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Will it get better??

Geriatric   (1,785 Views 22 Comments)
by tess16 tess16 (New Member) New Member

155 Visitors; 15 Posts

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djh123 has 5 years experience and works as a RN at a transitional rehab facility.

1 Like; 15,877 Visitors; 1,100 Posts

You're not a failure. You're new, you're not being given enough help (you should have 3 CNA's instead of 2, and I don't know what a TMA is that you mention), you didn't get enough orientation (neither did I in my first job)... but I get it re: you feeling like you're not doing enough for your residents.

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155 Visitors; 15 Posts

Thank you! I appreciate it!

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cyc0sys has 6 years experience and works as a Nurse.

2 Likes; 4,492 Visitors; 199 Posts

I'd consider leaving if you can't get more CNA. 10 Pts to a CNA is the minimum I'd feel safe working with.

The first thing you need to understand is that it's not all doable. That being said, you are correct in your assumption that your playing life boat politics.

Prioritize medications. Get all of your critical meds out first. If Mr. Jones doesn't get his mirlax or melatonin it's not going to kill him. Cardiac meds and IV vanco needs to run on time or bad things will happen.

Treatments are similar. Start with postops and then pressure ulcers. If a bandaid on a skin tear goes a few days it's not a big deal. Some dressing don't need to be changed QD. It actually causes skin break down and slows healing.

It takes a while to find your rhythm.

Schedule skin checks and showers together if you can.

Make sure your med and treatment carts are stocked before shift.

Ideally, you should pass dinner meds than HS meds. If your working 3-11pm, I start treatments first with bed bound before dinner and then finish up with the walkie-talkies at HS. Sometimes its easier to do spot treatments than running down a schedule or list.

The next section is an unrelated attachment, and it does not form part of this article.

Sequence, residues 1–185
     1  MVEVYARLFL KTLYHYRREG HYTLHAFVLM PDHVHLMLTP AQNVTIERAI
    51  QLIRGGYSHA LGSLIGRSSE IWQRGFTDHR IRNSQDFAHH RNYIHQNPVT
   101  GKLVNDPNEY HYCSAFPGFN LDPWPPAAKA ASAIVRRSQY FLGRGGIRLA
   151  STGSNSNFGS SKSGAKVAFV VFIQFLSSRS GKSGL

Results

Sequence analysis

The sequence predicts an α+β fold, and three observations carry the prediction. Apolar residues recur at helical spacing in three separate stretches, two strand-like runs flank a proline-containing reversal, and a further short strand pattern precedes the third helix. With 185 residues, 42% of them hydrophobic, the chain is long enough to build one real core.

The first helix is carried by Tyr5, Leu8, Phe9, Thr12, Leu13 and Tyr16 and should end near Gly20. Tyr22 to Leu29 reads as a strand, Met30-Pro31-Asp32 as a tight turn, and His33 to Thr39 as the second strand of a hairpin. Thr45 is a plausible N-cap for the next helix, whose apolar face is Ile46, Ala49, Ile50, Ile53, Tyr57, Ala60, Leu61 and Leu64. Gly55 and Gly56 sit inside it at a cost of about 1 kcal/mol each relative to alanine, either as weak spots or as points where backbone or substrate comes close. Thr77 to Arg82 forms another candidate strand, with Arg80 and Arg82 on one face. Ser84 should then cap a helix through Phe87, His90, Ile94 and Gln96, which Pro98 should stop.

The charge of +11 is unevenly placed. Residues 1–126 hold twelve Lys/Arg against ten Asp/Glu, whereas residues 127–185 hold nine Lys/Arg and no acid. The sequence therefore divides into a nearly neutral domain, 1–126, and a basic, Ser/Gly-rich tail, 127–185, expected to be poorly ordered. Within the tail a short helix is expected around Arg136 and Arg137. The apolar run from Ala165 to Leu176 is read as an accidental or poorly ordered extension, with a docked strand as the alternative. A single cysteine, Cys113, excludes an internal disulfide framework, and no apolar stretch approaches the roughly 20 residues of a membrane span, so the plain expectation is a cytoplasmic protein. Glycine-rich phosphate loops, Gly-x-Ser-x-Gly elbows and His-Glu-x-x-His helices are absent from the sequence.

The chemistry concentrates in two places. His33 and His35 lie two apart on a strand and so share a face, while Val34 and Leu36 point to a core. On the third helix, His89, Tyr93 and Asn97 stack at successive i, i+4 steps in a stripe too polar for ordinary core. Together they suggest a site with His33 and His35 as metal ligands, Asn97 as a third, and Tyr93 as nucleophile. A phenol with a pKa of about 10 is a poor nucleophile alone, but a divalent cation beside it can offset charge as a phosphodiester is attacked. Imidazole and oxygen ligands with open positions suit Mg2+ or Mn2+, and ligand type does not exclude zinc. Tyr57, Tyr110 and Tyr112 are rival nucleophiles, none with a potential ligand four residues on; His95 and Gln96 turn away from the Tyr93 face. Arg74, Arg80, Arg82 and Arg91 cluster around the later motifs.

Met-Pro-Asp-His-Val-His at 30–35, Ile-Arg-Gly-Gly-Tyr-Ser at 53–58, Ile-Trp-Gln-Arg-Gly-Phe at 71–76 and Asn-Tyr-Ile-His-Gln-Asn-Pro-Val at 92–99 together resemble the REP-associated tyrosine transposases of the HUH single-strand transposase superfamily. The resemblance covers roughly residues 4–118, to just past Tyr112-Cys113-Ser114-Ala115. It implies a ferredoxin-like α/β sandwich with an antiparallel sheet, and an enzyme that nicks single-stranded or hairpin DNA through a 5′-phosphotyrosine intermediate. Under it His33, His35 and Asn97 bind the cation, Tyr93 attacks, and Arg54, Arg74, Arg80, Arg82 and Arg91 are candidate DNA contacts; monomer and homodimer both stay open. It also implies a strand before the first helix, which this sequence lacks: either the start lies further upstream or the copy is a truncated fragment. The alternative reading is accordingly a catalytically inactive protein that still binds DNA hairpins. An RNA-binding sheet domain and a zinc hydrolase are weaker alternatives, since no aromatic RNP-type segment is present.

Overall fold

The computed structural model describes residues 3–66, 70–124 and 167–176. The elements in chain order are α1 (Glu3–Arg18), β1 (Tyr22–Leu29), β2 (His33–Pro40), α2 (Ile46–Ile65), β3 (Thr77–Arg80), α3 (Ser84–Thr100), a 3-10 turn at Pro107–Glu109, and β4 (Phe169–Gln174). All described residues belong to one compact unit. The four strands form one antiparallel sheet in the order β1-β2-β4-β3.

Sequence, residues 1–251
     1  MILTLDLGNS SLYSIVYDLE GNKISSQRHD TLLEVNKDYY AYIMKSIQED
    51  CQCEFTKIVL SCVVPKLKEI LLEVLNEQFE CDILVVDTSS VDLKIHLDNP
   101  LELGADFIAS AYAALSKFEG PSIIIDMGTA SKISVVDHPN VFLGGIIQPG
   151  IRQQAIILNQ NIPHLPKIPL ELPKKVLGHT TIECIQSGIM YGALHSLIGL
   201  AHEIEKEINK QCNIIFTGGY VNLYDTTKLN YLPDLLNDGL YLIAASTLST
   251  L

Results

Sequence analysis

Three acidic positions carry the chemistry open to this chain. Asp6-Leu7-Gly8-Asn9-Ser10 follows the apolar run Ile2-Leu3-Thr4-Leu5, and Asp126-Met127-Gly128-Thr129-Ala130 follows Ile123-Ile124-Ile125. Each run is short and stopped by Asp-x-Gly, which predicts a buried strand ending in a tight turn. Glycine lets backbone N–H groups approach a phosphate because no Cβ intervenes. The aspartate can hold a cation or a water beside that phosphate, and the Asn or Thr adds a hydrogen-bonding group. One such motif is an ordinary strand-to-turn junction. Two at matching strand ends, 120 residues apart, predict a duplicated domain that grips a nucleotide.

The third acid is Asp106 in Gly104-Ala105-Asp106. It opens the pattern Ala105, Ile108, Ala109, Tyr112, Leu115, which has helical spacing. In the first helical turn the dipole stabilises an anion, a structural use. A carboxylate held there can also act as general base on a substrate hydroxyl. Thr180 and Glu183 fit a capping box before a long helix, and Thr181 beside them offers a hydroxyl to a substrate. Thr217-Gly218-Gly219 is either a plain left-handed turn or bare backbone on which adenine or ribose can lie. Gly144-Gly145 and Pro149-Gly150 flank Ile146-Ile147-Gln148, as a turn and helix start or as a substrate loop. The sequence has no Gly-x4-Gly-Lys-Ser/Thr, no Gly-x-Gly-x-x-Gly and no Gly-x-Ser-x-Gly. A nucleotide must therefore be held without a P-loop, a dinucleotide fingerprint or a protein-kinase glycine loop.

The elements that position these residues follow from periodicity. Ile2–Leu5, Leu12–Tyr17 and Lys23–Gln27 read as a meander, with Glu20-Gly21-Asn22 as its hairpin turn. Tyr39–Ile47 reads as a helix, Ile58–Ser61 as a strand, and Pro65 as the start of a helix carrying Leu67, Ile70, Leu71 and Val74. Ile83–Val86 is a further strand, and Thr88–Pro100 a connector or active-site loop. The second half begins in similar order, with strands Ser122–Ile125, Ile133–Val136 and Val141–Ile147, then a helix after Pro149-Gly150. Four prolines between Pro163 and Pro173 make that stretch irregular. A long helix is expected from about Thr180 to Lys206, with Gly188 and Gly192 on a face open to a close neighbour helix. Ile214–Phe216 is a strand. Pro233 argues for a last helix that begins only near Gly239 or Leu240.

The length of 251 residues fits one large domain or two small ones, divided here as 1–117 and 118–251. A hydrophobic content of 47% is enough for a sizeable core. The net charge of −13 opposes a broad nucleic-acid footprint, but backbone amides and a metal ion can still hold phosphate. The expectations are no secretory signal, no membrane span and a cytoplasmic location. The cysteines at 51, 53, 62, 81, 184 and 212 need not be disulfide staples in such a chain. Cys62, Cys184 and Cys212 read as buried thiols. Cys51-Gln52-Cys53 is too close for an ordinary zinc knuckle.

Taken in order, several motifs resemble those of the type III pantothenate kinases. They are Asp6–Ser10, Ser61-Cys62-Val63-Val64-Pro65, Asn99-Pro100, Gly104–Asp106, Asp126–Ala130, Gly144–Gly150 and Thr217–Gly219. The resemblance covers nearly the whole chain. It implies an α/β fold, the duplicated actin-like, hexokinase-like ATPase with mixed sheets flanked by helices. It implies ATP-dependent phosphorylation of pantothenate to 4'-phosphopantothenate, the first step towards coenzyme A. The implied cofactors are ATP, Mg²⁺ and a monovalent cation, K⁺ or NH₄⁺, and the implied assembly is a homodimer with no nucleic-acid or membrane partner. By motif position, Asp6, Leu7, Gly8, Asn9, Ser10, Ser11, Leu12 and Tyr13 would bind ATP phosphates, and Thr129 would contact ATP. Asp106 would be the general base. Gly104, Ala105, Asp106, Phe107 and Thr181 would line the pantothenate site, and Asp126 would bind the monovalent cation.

If certain medications can be given together or earlier. Write an order and change the time of administration to streamline your med pass.

Plan on passing pain meds with HS meds for postop Pts. If its possible, have the Doc schedule pain medication and minimize PRN at least for the first 3 days in facility.

Document everything that can't be done and pass it on shift report.

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155 Visitors; 15 Posts

Thank you! This really is helpful!! I appreciate it!

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CapeCodMermaid has 30+ years experience and works as a DNS.

18 Likes; 1 Follower; 59,179 Visitors; 6,004 Posts

"Some dressing don't need to be changed QD. It actually causes skin break down and slows healing." If you don't change the dressings when ordered, yes, even bandaids, you aren't following protocol. Most dressings do need to be changed every day, with the exception of hydrocolloids and wound vacs. At the very least you need to assess the area...unless you're an LPN and in that case you can only observe it. Doing a half ass job or skipping ordered medications because you think they're not important will get you in a heap of trouble...PS. Miralax IS an important medication in the elderly.